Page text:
who is this blog for?

Who the heck is this blog for? I don’t really mean it for the general public, but seeing as I put it on a little place called the internet, I certainly can’t complain if the general public has things to say about it. In my experience, the general public has generally unflattering or offensive things to say about arranged marriage and particularly second generation individuals who choose it. It would be lovely if the momentous choices of my life weren’t ridiculed, but then I shouldn’t have started a blog.

It would be a great (much better, for sure) blog if I wasn’t sure about this path, if I was looking for some kind of input about the way to go, and open to being influenced by a comment or four. But I really am not looking for that kind of input, and if I was, comments would probably not be the way I was influenced.

In a lot of ways I started it just for me, because this is something weighs on me every second of every day for at least the last half-decade and has weighed and will weighed on those I love dearly for another few decades. And at the same time, it’s not the kind of thing you can keep bringing up as a daily stressor when you’re talking to your friends about single life. And a lot of times when it does weigh on me, I’ll search “arranged marriage” and see who else it’s weighing on. But apparently, it’s no one but me. So I guess I wanted to see if that’s true, and maybe be the one hit for someone else doing that search.


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sec·ond-gen·er·a·tion (sknd-jn-rshn)

adj. 1. Of or relating to a person or persons whose parents are immigrants.

n.b.: arranged marriage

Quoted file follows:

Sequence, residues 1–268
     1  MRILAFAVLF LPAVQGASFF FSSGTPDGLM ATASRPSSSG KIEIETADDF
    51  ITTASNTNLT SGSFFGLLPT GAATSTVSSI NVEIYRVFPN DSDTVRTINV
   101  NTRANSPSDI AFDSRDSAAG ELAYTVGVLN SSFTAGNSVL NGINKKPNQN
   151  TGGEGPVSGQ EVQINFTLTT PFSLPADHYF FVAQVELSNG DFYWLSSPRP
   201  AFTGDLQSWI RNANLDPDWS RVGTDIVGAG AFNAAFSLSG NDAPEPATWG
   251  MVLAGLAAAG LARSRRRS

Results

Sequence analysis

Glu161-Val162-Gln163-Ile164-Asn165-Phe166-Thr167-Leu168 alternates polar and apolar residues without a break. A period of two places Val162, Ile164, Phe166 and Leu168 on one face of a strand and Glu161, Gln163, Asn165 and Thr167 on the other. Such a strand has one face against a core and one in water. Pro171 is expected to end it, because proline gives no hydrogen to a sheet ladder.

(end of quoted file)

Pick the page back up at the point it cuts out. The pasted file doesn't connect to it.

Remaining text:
When I use "arranged marriage" here, I'm talking a very specific type of marriage, in which one (often a second generation immigrant) is socialized and pressured by their community to marry someone from within that community as part of a way to bind two families together. It's often accompanied by a cultural prohibition against dating, especially serial dating, such that there is typically a short timeline from meeting to marriage. In the United States, where I am, and in other diasporas, an arranged marriage isn't necessarily arranged anymore, although parents and grandparents shoulder much of the responsibility in networking and making introductions. The bride-to-be and groom-to-be yield veto power at all times and their happiness and consent are among the most critical criteria in proceeding. In general, the kind of arranged marriage that I know is enforced only by family and community approval and disapproval (although let's not underestimate how powerful these are). At no point am I talking about a truly arranged marriage in which there's no options, no veto, and enforcement by violence or restriction of liberty. I don't pretend that I know anything about living that kind of truth or that anything I experience is comparable to that kind of future.

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